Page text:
TECAB reduces risk, expedites recovery for bypass patients

Mount Sinai Heart announced June 10 that a pair of its top cardiothoracic surgeons succeeded in performing two totally endoscopic coronary arterial bypass surgeries (TECABs) at the end of May, making the hospital the only center in New York State qualified to offer the procedure.

TECAB applies a highly technical approach to coronary artery bypass surgery, allowing physicians to operate through a series of micro-incisions rather than a singular 12-inch incision in a patient’s chest. At Mount Sinai, surgeons John Puskas, MD, and Gianluca Torregrossa, MD, placed robotic instruments through four keyhole incisions no more than 1 centimeter long in their patients’ chests, harvesting the mammary artery and connecting it to the coronary artery on the front wall of the heart. The physicians then fired 13 small stainless steel clips to hold the arteries together—a precise and time-saving alternative to physically sewing the arteries together by hand.

“TECAB allows us to avoid any major chest incisions for our patients, giving them a dramatic improvement in postoperative recovery,” Torregrossa, the associate director of robotic heart surgery at Mount Sinai St. Luke’s, said in a statement. “The minimally invasive aspect of this procedure allows us to maximize the benefit of coronary artery bypass grafting even for those patients that are not ideal candidates for conventional surgery.”

TECAB offers patients a quicker recovery, Torregrossa said—while CABG patients are typically in the hospital for 7 to 10 days post-op and can’t resume full activity for around three months, TECAB patients can expect to be discharged within four days and return to normal activities in one to two weeks. TECAB also provides a reduced risk of stroke and eliminates rib spreading.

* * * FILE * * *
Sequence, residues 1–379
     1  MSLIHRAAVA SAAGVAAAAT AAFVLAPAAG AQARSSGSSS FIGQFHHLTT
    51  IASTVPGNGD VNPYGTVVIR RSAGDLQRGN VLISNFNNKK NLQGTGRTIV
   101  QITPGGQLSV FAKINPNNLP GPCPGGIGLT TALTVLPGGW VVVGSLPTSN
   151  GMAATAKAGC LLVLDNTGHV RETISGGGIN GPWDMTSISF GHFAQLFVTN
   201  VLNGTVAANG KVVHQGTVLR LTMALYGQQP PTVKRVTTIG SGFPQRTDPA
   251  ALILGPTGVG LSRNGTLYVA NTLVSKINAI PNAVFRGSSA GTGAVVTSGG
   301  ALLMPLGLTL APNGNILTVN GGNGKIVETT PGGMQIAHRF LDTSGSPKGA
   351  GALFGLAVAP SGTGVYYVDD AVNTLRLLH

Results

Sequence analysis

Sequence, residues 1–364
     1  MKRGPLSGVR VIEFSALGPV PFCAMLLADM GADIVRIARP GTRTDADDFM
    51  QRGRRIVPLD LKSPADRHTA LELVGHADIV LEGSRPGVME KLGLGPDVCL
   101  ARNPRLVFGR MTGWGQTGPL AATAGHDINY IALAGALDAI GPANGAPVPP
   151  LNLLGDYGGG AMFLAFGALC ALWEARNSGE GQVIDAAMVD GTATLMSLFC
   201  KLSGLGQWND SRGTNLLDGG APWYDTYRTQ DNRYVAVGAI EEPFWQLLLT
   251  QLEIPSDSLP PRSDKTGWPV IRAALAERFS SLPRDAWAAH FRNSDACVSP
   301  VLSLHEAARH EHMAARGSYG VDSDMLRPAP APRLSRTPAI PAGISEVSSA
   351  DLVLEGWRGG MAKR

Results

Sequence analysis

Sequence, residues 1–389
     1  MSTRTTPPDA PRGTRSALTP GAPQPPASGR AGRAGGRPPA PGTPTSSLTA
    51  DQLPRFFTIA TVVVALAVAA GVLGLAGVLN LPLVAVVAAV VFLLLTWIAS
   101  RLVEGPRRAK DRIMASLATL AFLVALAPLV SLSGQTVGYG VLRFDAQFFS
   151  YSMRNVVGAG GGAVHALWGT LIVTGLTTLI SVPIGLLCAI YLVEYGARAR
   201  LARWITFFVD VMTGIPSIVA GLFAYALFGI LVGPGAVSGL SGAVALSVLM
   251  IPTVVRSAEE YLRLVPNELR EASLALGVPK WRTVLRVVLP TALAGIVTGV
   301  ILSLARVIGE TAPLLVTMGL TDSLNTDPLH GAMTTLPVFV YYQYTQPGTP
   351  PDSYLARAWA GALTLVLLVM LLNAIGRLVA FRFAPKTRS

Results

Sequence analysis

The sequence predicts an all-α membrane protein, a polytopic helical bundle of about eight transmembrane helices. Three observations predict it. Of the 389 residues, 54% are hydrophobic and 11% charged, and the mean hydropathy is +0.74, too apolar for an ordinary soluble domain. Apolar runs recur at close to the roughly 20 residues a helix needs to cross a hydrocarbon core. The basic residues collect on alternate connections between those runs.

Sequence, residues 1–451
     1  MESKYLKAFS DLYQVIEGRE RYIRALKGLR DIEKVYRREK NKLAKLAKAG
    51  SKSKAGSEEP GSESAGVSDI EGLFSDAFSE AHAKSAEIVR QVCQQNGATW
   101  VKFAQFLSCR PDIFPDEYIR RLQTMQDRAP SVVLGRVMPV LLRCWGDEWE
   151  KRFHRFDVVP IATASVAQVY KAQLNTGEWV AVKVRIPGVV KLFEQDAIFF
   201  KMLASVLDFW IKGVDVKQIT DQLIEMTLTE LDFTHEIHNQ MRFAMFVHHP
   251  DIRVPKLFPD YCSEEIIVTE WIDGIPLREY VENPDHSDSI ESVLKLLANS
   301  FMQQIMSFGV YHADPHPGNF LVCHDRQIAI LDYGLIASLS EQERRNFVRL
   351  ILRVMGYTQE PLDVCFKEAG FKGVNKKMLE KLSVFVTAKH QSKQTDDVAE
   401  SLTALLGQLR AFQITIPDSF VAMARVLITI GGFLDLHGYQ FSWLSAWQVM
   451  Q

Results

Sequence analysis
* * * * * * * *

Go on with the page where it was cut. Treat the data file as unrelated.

According to Mount Sinai’s statement, a good fraction of today’s bypass patients may qualify for TECAB. The best candidates are those with a limited number of blockages of the left side of their heart; the worst are those who have had previous heart surgery or exposure to cancer radiation therapy near the chest.

“This is a very technically demanding procedure, with few bypass surgeons having enough skill or training to employ it,” Mount Sinai President Arthur Gianelli said. “By offering this innovative bypass procedure at Mount Sinai St. Luke’s, our team leaps ahead in coronary artery bypass grafting surgery in New York and the Northeast and we are well-positioned as one of the top cardiac programs in the world.”